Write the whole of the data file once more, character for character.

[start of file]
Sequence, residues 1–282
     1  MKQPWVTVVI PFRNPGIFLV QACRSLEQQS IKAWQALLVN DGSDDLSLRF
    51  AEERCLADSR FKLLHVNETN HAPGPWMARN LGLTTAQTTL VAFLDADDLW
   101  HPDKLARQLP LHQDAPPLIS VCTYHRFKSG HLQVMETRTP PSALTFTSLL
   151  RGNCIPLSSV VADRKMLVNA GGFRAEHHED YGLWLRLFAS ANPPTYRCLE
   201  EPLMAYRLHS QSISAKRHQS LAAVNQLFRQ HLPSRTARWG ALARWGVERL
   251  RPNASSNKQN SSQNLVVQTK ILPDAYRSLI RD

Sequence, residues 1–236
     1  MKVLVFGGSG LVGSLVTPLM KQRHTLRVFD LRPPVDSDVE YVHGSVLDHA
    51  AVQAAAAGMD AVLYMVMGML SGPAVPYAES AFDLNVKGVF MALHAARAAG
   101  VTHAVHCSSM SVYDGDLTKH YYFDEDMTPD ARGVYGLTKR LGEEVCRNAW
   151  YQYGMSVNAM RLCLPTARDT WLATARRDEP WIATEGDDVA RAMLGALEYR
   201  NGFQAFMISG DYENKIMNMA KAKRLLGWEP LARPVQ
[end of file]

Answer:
Sequence, residues 1–282
     1  MKQPWVTVVI PFRNPGIFLV QACRSLEQQS IKAWQALLVN DGSDDLSLRF
    51  AEERCLADSR FKLLHVNETN HAPGPWMARN LGLTTAQTTL VAFLDADDLW
   101  HPDKLARQLP LHQDAPPLIS VCTYHRFKSG HLQVMETRTP PSALTFTSLL
   151  RGNCIPLSSV VADRKMLVNA GGFRAEHHED YGLWLRLFAS ANPPTYRCLE
   201  EPLMAYRLHS QSISAKRHQS LAAVNQLFRQ HLPSRTARWG ALARWGVERL
   251  RPNASSNKQN SSQNLVVQTK ILPDAYRSLI RD

Sequence, residues 1–236
     1  MKVLVFGGSG LVGSLVTPLM KQRHTLRVFD LRPPVDSDVE YVHGSVLDHA
    51  AVQAAAAGMD AVLYMVMGML SGPAVPYAES AFDLNVKGVF MALHAARAAG
   101  VTHAVHCSSM SVYDGDLTKH YYFDEDMTPD ARGVYGLTKR LGEEVCRNAW
   151  YQYGMSVNAM RLCLPTARDT WLATARRDEP WIATEGDDVA RAMLGALEYR
   201  NGFQAFMISG DYENKIMNMA KAKRLLGWEP LARPVQ